There are as many reasons for sleep deprivation as there are Americans who suffer from it.
Some people wake up because of heartburn, backaches or arthritis pain. Others can't sleep because of stress, depression or anxiety. Some deal with sleep apnea or other sleep disorders. And others put in so many hours at work that there isn't time enough left for a good night's sleep.
Sleep experts advise adults to get between seven and eight hours of sleep each night. But according to a poll by the National Highway Traffic Safety Administration (NHTSA), the average American gets just six hours, 40 minutes of sleep each night. Almost half of those polled said they wake up feeling unrefreshed in the morning. As a result, sleep deprivation has become not just a health issue, but a safety problem as well.
According to NHTSA, sleepiness and fatigue can cause impaired reaction time, poor judgment and aggressive behaviors while driving. Young people, shift workers and those with certain sleep disorders are most at risk for falling asleep at the wheel.
Signs of driver fatigue
If you become drowsy while on the road, pull over and rest. Any of these signs can impair your driving performance:
- Trouble focusing, frequent blinking, heavy eyelids
- Daydreaming, disconnected thoughts
- Trouble remembering the last few miles driven, missing an exit
- Yawning, rubbing your eyes
- Trouble keeping your head up
- Drifting from your lane, tailgating, hitting a rumble strip
Change your routine
If trouble sleeping is causing you to feel tired or fall asleep at inappropriate times during the day, try changing your daily routine.
- Go to bed and wake up at the same times each day. Your circadian clock, which maintains your sleep-wake cycle, is made stronger by a regular sleep-wake time.
- Establish a bedtime routine. Take a warm bath, read a book or listen to soothing music.
- Create an environment conducive to sleep. Make your room dark, cool and quiet.
- Have a comfortable mattress and pillow.
- Remove anything unrelated to sleep from the room. That includes computers and televisions.
- Avoid eating meals in the two to three hours before bedtime. This can cause you to wake up during the night.
- Exercise regularly. Finish your workout at least a few hours before bedtime.
- Avoid caffeine (if you are sensitive to its effects), alcohol and nicotine close to bedtime. These may keep you awake or disrupt sleep.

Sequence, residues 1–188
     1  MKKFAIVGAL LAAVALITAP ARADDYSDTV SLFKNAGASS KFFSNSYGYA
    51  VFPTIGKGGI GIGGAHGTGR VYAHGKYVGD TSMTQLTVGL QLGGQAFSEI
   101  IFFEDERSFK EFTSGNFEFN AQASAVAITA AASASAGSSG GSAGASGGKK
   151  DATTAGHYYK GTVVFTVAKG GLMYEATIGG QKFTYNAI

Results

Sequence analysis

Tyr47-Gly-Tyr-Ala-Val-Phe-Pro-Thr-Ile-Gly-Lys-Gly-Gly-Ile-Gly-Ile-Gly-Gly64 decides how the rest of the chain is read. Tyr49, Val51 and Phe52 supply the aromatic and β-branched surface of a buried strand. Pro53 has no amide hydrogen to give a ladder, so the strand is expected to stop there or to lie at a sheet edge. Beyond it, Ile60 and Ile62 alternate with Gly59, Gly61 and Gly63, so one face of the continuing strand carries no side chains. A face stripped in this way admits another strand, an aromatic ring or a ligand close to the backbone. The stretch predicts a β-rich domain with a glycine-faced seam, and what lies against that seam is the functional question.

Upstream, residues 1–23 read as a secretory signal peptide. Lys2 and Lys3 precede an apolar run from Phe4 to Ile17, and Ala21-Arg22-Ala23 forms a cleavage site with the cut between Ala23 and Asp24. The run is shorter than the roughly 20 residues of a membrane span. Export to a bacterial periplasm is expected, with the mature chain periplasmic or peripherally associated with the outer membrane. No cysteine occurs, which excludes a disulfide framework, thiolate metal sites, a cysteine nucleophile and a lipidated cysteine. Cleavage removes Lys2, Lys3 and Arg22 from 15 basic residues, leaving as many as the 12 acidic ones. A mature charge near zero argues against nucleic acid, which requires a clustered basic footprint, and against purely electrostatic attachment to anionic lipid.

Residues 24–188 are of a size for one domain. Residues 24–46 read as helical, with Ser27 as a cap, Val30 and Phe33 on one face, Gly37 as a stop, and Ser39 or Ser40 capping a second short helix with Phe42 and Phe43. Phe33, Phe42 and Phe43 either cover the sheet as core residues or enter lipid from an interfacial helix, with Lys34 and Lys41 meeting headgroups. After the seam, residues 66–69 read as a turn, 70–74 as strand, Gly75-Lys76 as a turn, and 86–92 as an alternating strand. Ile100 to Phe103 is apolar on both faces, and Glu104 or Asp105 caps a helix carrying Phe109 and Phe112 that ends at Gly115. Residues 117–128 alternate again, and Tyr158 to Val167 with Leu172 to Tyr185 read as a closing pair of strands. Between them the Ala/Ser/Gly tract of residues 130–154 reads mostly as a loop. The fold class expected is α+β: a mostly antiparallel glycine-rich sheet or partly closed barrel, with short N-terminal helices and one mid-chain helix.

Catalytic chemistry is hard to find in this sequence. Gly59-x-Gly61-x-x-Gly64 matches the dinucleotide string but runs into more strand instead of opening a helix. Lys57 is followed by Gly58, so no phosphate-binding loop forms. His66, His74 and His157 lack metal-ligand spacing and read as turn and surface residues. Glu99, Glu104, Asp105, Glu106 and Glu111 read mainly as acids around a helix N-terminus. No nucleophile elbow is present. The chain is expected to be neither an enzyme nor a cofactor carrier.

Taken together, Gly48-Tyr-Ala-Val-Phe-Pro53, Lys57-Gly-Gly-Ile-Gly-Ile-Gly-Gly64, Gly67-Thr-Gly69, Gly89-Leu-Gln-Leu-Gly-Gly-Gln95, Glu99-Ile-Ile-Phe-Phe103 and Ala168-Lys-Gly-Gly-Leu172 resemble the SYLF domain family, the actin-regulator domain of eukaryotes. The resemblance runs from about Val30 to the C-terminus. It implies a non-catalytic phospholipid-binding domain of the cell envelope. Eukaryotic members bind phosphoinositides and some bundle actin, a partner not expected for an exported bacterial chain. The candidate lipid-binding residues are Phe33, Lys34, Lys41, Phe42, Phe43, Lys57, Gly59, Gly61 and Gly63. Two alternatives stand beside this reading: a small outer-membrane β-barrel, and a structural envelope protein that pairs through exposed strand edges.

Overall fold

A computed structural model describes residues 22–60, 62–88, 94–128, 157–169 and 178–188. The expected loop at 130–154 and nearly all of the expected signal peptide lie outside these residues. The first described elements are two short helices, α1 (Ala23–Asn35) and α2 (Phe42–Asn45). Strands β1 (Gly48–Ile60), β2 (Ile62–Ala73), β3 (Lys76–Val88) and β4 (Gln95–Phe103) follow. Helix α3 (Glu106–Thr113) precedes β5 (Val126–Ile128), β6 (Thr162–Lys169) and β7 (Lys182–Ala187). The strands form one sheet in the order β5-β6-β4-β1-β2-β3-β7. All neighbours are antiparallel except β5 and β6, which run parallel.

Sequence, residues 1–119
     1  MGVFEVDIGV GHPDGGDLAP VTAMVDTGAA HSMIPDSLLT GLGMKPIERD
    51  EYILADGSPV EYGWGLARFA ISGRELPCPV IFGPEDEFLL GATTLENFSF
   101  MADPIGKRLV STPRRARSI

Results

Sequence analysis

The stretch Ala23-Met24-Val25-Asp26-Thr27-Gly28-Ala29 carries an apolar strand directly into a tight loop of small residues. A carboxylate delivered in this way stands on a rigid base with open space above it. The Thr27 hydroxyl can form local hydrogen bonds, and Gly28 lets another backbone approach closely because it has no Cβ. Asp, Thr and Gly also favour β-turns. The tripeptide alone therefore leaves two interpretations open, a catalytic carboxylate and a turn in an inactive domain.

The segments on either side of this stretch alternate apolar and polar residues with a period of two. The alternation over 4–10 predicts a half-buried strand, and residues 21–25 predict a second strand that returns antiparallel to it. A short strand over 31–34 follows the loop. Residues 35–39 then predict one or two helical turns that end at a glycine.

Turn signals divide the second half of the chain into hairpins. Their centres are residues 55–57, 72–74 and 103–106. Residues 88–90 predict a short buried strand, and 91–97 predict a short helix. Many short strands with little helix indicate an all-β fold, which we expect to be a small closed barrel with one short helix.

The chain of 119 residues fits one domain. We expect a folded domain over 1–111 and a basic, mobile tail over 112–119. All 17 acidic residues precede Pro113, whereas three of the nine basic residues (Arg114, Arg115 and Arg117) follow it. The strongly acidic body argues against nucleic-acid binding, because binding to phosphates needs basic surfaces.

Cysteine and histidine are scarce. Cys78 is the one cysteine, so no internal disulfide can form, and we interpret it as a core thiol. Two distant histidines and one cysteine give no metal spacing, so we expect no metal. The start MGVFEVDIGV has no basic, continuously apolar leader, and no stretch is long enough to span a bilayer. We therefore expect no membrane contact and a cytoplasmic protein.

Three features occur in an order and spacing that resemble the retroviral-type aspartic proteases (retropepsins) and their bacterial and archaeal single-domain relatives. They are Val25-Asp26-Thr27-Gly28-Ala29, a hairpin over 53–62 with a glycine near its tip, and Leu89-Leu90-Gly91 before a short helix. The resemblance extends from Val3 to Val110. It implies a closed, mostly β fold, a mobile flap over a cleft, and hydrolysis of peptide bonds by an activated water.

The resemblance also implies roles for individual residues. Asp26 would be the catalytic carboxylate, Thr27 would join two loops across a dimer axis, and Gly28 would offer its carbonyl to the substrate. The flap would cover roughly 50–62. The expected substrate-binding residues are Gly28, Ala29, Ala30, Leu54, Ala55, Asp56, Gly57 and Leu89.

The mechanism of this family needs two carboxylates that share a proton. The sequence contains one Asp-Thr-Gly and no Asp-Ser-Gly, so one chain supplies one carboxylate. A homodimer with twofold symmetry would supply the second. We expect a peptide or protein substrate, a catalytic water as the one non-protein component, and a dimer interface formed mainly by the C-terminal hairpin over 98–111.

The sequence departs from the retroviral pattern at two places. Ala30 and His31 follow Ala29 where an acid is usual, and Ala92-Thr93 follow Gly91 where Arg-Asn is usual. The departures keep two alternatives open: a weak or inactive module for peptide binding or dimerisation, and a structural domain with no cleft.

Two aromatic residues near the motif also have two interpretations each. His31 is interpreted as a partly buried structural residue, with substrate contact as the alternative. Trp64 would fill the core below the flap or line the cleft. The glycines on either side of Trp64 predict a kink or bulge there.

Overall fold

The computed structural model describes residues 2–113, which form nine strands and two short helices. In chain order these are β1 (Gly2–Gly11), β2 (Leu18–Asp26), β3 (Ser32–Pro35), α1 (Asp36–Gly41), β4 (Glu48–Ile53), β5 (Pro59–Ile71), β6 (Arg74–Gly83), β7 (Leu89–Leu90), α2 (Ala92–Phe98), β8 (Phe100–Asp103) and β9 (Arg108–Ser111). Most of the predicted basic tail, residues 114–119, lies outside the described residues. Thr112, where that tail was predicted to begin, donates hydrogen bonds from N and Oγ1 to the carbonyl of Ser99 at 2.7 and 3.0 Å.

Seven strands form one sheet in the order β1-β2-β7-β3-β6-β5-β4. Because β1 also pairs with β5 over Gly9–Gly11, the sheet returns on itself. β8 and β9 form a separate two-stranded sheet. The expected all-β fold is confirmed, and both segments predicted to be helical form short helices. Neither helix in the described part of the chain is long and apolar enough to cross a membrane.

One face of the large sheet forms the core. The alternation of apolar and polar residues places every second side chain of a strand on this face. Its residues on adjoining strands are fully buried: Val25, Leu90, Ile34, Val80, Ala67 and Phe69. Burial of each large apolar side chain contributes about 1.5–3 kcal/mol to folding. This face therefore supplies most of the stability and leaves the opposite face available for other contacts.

During the day
Wake up at the same time each morning and start the day with a nutritious breakfast. The effects of caffeine can linger for those who are sensitive to it, so limit caffeinated beverages to early in the day.
Exercise between lunch and dinner. Exercising late in the evening may keep you from feeling relaxed at bedtime. After dinner, do something relaxing. Then, have a light, healthy snack before following your regular bedtime routine.
See your doctor
If you have any physical problems that are keeping you from sleeping, or if you think you have a sleep disorder, see your doctor. Be prepared to discuss the following:
- If you snore, and how loudly
- If you've been told you gasp for breath or stop breathing in your sleep
- If you feel sleepy or fall asleep during the day
- If you've fallen asleep while driving or at work
- If you have difficulty falling or staying asleep
- If you wake up feeling tired and not rested
- The number of hours you sleep at night
- If you have a regular bedtime/wake-up time
- If you are taking sleeping pills
- If you use alcohol or smoke
- The times of day you exercise, use caffeine and eat your last meal
- If you experience nighttime heartburn, pain or the need to urinate
- If you've had recent lifestyle changes or been under stress
- If you work a night shift
Created on 08/12/2004
Updated on 07/12/2012
- National Sleep Foundation. Insomnia.
- National Institute of Neurologic Disorders and Stroke. Brain basics: Understanding sleep.
- National Highway Traffic Safety Administration. Drowsy driving and automobile crashes.
- National Sleep Foundation. Longer work days leave Americans nodding off on the job.